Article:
I am the luckiest traveler in the world.
Everywhere I go, I narrowly miss catastrophe. Foreign governments would do well to study my future travel plans and prepare for disaster accordingly.
In 2006, I spent three weeks in Israel and left in the wee hours of the morning of June 25. Shortly after I left, Hamas operatives stormed into Israel and captured then-19-year-old Israeli soldier Gilad Shalit and dragged him into Gaza, sparking a vicious (and unsuccessful) Israeli rescue attempt. Two weeks later, Hezbollah militants launched rockets into Israeli towns on the Lebanon-Israel border and attacked two patrolling Humvees, killing three soldiers, injuring two and capturing two more. Israel responded by moving aggressively into Hezbollah-controlled lands, ravaging southern Lebanon and displacing hundreds of thousands of Lebanese citizens. The fighting didn’t officially end until Sept. 6 of that year.
But throughout all of this, I was safe at home, dumbstruck at how I had narrowly missed being in the middle of a war zone. I’d slept within eyesight of the Israel-Lebanon border just weeks earlier. We’d drunk wine in a Kibbutz, not fully comprehending the danger the unseen soldiers patrolling the nearby border were facing. It was harrowing and saddening to come back and read the news about the war.
My most recent journey was no different. I spent mid-December to mid-February backpacking around South America, spending about two weeks in Peru, four in Chile, and two in Argentina. Disaster followed me wherever I went. In Peru, I visited the most incredible place I have ever seen, Machu Picchu. Less than a month later, torrential rains flooded the valley around it, forcing the helicopter evacuation of more than 3,000 people. I spent a month traveling through Chile, and almost a month to the dot after I visited Santiago, the fifth-largest earthquake ever recorded rocked a city southwest of the capital and left parts of the country in ruins. And of course, I was thousands of miles away from Santiago at that point, safely watching the chaos unfold from a distance.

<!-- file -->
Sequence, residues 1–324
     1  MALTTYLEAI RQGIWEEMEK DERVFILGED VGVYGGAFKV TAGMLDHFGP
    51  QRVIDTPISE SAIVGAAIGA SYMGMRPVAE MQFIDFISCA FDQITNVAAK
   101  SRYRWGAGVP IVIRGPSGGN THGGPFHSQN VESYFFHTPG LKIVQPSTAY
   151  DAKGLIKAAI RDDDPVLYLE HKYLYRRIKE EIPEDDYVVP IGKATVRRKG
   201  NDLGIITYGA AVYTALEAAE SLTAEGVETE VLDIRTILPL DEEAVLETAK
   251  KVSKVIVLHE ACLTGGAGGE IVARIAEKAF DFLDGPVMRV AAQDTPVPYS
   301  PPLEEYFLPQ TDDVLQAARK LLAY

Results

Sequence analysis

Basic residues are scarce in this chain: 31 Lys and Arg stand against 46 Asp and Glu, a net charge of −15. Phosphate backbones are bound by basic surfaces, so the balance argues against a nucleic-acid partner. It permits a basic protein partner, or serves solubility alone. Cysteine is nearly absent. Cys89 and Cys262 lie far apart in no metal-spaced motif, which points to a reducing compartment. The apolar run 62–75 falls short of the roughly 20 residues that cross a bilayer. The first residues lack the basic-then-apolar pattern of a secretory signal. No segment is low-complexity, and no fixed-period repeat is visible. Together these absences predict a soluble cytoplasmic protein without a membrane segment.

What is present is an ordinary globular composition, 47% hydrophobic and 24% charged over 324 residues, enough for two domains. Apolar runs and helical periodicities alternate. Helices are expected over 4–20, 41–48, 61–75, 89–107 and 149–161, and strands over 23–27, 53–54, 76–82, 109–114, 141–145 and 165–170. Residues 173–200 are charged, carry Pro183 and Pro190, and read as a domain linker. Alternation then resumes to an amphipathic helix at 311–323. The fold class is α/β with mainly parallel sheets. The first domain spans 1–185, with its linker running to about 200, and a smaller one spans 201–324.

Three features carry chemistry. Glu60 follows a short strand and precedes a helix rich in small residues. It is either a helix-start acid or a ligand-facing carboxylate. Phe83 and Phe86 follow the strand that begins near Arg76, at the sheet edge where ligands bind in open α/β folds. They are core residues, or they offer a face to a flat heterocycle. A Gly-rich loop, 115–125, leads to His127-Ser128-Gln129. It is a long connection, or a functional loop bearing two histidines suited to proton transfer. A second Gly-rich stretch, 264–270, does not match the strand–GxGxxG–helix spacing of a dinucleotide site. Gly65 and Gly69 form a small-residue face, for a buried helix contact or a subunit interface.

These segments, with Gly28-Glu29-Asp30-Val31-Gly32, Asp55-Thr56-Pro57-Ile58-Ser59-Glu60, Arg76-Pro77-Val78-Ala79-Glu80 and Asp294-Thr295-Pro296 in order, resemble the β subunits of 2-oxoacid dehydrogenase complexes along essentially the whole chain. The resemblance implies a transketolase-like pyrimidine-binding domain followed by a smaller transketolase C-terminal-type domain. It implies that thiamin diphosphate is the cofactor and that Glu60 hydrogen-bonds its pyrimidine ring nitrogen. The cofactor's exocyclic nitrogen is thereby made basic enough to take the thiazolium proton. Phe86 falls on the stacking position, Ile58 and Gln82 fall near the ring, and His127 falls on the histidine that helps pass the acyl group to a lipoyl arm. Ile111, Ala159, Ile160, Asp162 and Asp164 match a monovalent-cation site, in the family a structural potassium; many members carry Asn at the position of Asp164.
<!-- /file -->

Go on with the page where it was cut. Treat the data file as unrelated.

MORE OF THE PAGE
It’s tragic and heartbreaking to read about the Chile quake, especially coming so soon after the Haiti quake. The thought of two earthquakes of such devastating magnitude happening so close to one another is hard to grasp. And yet more than 200,000 people are dead in Haiti, and the death toll in Chile, though many times smaller, is growing. The Chile quake was more powerful, but the epicenter of the Chile quake was 21 miles underground and located in a relatively unpopulated area. The Haiti quake, though 501 times weaker, centered just 8 miles underneath the surface of Port-au-Prince, according to news reports. Chileans were lucky in many ways.
Chile’s supposedly stringent building codes have no doubt saved countless lives, but nevertheless there are reports of brand-new, supposedly earthquake-proof apartment buildings collapsing in Santiago. I rented an apartment on the third floor of a brand-new building in Santiago for four nights during my travels. I wonder if it is still standing. It was in a district called Bellas Artes, a colorful, upscale yet artsy neighborhood home to some of the city’s best museums. I was just blocks away from the Bellas Artes Museum, actually, and in the surrounding park, I’d watched a political concert-rally for underdog presidential candidate Eduardo Frei. Frei campaigners had constructed a stage right next to the elegant staircase leading to the museum’s entrance, and there were enough young people listening to the live bands play that I jokingly dubbed Frei “the Chilean Obama.” Now, broken chunks of concrete and stone litter those same stairs, having fallen with enough force to shatter the stone staircase below.
The chances of an earthquake of this size happening have to be miniscule, and the chances of being caught in the danger zone, even smaller. I don’t consider myself lucky for missing the quake any more than I consider myself lucky for not being hit by lightning. It’s just a statistical inevitability — only the extremely unlucky ever get hit by lightning or caught in an 8.8-magnitude earthquake.
Yet I can’t help but shudder at the close call and wonder what would’ve happened if I were in Chile right now, gazing over a ruined city, instead of safe in America, gazing at my computer screen.